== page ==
Tool (or mould) design is a very important part of vacuum forming as it can mean the difference between a defective part, and one that is high quality and works well. No matter how good the vacuum forming process and how robust the material, if the tool itself isn’t properly designed the part simply won’t come out right.

In the plastic product design stage we will work with you to decide exactly how the finished part will look and what its exact dimensions are; these two important factors will determine the type of tool that is made.

When designing a tool it is also important to know the vacuum forming sheet material you will be using and determine what tolerances are expected.

As specialists in vacuum forming tool manufacture we know all of the different factors that need to be considered when designing and manufacturing the perfect mould for your plastic product. See below for an overview of the most important of these factors.

Types of moulds

There are basically two different types of vacuum forming moulds: male (positive) and female (negative). So how do you decide which type is right for your tool? Essentially the top surface of a moulding is the better finished surface as it doesn’t come into contact with the mould, and therefore can’t pick up any marks such as dust particles from the tool.

Another consideration when choosing they type of vacuum forming mould would be the desired shape of the finished plastic part. Often a male mould is used for single deep-draw objects, whereas a female mould would be used for a compartment tray with multiple divisions or a sink for example.

Different materials for making moulds

A wide range of materials can be used for the mould and they each have characteristics that are suited to different applications.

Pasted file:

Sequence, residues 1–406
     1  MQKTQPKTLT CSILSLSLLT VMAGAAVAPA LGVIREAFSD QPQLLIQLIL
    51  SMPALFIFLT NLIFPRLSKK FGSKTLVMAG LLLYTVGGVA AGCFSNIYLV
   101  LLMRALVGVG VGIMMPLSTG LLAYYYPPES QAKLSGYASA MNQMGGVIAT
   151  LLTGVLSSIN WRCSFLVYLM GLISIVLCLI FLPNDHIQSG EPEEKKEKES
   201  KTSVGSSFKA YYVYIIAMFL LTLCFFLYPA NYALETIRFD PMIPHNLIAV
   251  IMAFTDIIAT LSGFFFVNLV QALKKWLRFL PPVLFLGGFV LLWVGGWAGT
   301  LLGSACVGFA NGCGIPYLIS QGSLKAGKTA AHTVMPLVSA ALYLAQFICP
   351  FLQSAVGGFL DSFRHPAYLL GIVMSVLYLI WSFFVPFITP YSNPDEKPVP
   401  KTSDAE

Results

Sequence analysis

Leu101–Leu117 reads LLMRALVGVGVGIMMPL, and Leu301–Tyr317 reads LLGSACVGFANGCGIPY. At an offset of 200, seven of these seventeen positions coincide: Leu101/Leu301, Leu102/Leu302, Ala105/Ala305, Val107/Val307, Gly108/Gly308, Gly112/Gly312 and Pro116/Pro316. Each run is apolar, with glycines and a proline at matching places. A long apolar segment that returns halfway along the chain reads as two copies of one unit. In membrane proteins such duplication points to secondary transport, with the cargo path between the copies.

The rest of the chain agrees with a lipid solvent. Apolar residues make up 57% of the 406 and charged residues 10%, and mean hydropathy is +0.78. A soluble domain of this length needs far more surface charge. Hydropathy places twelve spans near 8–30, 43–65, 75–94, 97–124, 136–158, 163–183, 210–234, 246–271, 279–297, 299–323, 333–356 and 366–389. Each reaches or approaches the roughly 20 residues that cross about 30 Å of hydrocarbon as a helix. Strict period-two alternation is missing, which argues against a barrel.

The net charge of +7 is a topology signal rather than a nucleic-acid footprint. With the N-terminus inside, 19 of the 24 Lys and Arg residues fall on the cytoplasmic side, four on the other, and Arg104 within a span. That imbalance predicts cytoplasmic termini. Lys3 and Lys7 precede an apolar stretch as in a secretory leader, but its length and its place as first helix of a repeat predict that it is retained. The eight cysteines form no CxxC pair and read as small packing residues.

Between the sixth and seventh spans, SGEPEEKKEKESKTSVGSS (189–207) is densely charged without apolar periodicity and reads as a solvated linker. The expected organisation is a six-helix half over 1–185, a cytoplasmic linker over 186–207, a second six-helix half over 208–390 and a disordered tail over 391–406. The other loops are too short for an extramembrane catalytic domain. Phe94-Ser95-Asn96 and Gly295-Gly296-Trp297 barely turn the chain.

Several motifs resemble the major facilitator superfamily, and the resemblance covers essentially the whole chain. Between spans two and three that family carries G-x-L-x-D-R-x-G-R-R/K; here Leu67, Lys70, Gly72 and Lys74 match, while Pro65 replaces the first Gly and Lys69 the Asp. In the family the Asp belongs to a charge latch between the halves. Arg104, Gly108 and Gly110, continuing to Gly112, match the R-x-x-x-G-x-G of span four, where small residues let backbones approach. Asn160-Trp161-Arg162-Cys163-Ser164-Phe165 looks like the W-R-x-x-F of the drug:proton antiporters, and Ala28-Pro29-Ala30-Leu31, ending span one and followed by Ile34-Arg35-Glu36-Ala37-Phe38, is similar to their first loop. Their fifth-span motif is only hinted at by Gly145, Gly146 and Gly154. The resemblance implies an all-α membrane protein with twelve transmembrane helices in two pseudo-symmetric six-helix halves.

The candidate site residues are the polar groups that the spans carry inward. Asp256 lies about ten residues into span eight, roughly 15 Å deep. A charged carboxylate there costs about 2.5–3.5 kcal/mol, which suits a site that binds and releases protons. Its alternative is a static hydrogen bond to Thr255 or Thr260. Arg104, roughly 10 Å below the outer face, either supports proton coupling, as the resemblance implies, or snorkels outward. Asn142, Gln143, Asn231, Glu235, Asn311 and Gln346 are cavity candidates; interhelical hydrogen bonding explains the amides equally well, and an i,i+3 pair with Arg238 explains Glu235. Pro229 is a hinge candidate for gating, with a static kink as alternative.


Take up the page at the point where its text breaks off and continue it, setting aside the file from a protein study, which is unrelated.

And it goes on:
There are 4 major deciding factors when choosing the right material for a project:

  1. The severity and length of service required. For example if only a few parts are required and material temperatures are going to be fairly low, then wood would be a good option. However if the quantities required are 1000+ and high temperature plastics are going to be used, then we would more than likely recommend an aluminium mould.
  2. Accuracy / tolerance of finished parts- most accurate is machined aluminium then cast aluminium, resin & finally wooden tools.
  3. Basis of design- digital model versus basic drawing. If a part is modelled in 3D then machined tooling options are available.
  4. Type of materials- specifically polyolefins – HDPE / PP- these types of materials can only be moulded (barring small scale prototyping) from temperature controlled aluminium tooling.

Popular mould materials & construction methods

Here are some essential facts about five popular mould materials / construction methods.


  • Cheap and easy to fabricate, with a longer life than plaster. Hardwoods are recommended to reduce the chance of any cracking and splitting during forming. Deterioration through use is inevitable but can be reduced by using an enamel or varnish sealant.
  • Used for Prototyping & where there is a minimum of information to manufacture the tool.

Polyester / Fibreglass

  • Cost effective and considered permanent tooling for lower volume ( < 2000) projects. Difficult to match accuracy achieved by using a temperature controlled tool but is still better than wood. Will eventually show fine cracks.
  • Lower volume, less dimensionally accurate applications.

Modelling Board

  • Polyurethane tooling block or modelling board CNC routed to produce dimensionally accurate patterns of a composite part. The filled nature of tooling block means that the shaped pattern can already have a high quality surface finish which needs little surface preparation before it can be used to produce a mould.